Coping With the Emotional Side of Infertility

While both men and women suffer the emotional fallout from a diagnosis of infertility, they likely react to those emotions in different ways. As women we often tend to feel as if we are somehow responsible for everyone else's bad feelings. We are the emotional caretakers of the family, and feel as though anything bad that happens is our responsibility. In order to take care of everyone else's feelings, we typically repress our own-unfortunately, this allows those negative feelings to grow inside of us until we feel completely out of control. When a couple suffers from infertility, the woman in the relationship will often try to protect her husband not only from her pain and feelings of failure but from his own as well. Women will often go to medical appointments on their own, sparing their husband's from a process which could intensify his own emotional pain regarding the infertility. On the flip side, men are more conditioned to repress their emotions, and are trained to take charge, make decisions, and think without being emotionally sidetracked. The male in the infertile couple can feel completely overwhelmed by the sheer intensity of their wife's emotions, therefore channel their own energies back into their work.

The woman must therefore bear the brunt of the emotional impact for the fertility issues; she will feel pain, anger and fear in varying degrees, and may feel out of control, anxious and depressed. She may find herself yearning for an emotional connection with her husband in one moment, yet be unable to prevent withdrawing from him because she feels she has disappointed him in some way. The bottom line when discussing the natural emotions of infertility, is to recognize that these feelings are perfectly normal. You don't have control over your feelings-they are a primitive part of our brains, innate to human beings.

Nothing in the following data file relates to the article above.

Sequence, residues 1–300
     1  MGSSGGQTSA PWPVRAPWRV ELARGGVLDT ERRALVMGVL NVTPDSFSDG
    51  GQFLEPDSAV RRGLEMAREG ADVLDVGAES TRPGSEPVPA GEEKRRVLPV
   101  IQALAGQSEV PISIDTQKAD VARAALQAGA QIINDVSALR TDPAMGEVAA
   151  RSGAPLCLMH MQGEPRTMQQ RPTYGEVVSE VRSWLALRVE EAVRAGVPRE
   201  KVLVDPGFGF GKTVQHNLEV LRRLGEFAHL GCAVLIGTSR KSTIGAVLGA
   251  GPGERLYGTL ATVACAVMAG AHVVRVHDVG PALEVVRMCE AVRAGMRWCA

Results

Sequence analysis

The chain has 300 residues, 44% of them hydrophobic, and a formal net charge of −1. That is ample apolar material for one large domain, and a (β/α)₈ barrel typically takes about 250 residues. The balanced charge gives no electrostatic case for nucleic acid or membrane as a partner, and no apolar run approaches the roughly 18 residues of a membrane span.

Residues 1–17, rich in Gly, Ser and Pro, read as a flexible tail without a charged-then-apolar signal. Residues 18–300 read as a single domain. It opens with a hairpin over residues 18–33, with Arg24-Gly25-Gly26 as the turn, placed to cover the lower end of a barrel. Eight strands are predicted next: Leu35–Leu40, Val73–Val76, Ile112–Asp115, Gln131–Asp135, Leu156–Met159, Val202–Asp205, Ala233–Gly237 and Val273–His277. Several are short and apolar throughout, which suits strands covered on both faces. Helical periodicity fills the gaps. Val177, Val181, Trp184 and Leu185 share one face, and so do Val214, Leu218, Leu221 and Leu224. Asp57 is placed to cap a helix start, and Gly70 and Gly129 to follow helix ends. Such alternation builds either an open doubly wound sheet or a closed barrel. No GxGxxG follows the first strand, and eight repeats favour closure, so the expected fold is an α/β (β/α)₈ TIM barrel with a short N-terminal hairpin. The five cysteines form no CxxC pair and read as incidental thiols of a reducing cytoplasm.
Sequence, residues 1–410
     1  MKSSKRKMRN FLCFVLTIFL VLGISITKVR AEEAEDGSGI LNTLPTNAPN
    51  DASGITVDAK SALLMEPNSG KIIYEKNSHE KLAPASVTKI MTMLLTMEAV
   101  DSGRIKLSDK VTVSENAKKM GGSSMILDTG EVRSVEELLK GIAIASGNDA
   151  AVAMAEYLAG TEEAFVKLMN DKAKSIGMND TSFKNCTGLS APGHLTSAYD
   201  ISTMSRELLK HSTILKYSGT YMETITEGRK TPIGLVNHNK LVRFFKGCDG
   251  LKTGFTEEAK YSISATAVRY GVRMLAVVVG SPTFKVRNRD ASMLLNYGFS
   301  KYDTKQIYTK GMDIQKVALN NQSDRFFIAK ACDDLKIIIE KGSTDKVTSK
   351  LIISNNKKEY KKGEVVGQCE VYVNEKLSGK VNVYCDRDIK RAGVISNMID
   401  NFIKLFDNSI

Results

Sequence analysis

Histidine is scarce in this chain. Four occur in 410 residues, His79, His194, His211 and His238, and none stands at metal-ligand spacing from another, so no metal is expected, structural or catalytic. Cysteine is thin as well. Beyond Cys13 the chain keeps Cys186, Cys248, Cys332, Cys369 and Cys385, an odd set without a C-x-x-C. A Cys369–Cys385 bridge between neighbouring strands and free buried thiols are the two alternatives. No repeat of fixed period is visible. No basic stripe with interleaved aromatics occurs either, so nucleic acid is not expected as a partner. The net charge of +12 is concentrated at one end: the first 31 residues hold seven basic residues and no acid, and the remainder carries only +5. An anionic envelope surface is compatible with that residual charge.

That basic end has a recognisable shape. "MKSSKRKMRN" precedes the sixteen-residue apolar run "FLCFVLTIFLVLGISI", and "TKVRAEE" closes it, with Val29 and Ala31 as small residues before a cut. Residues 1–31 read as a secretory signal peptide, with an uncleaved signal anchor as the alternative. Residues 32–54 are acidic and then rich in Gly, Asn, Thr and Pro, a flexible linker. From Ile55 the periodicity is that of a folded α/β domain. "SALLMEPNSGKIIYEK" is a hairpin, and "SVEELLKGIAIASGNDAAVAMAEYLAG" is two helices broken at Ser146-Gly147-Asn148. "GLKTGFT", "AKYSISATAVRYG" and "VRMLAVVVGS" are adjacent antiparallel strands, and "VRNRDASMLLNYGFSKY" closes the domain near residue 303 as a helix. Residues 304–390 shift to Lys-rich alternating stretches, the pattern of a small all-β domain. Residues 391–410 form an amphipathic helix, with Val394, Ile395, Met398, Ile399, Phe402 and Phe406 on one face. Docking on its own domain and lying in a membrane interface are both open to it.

Recognizing that emotions don't make us weak, strong, bad, good, masculine or feminine allows us to be a bit more in control of those sometimes overwhelming emotions. There is no right or wrong way to feel, however you do need to identify your feelings so you can understand exactly what you need from your partner during this difficult time. Rather than assuming you know what your partner is feeling, ask him specifically, and really listen when he is ready to talk. There are psychological and emotional differences between men and women, so don't assume that, just because he is not reacting in the same way you are, that he doesn't care or is indifferent to your feelings. Communication is the key during infertility issues between couples. If you can talk openly about how you feel to one another, you are much less likely to experience marital difficulties on top of your infertility issues.

Coping With Infertility

First, understand that you are not alone in your infertility issues. Nearly 7.3 million women in the United States and Canada experience reproductive problems. Recognize that you may go through stages; the process of coping with infertility can be equated with the grief cycle gone through by those who have lost loved ones. This cycle consists of periods of shock, denial, anger, bargaining, depression, testing and, finally, acceptance. In the course of dealing with reproductive problems, you may revisit these stages time and time again. If you can, share both the burdens and joys of your experiences with infertility with your spouse; you can become closer and develop a deeper respect for one another in the process.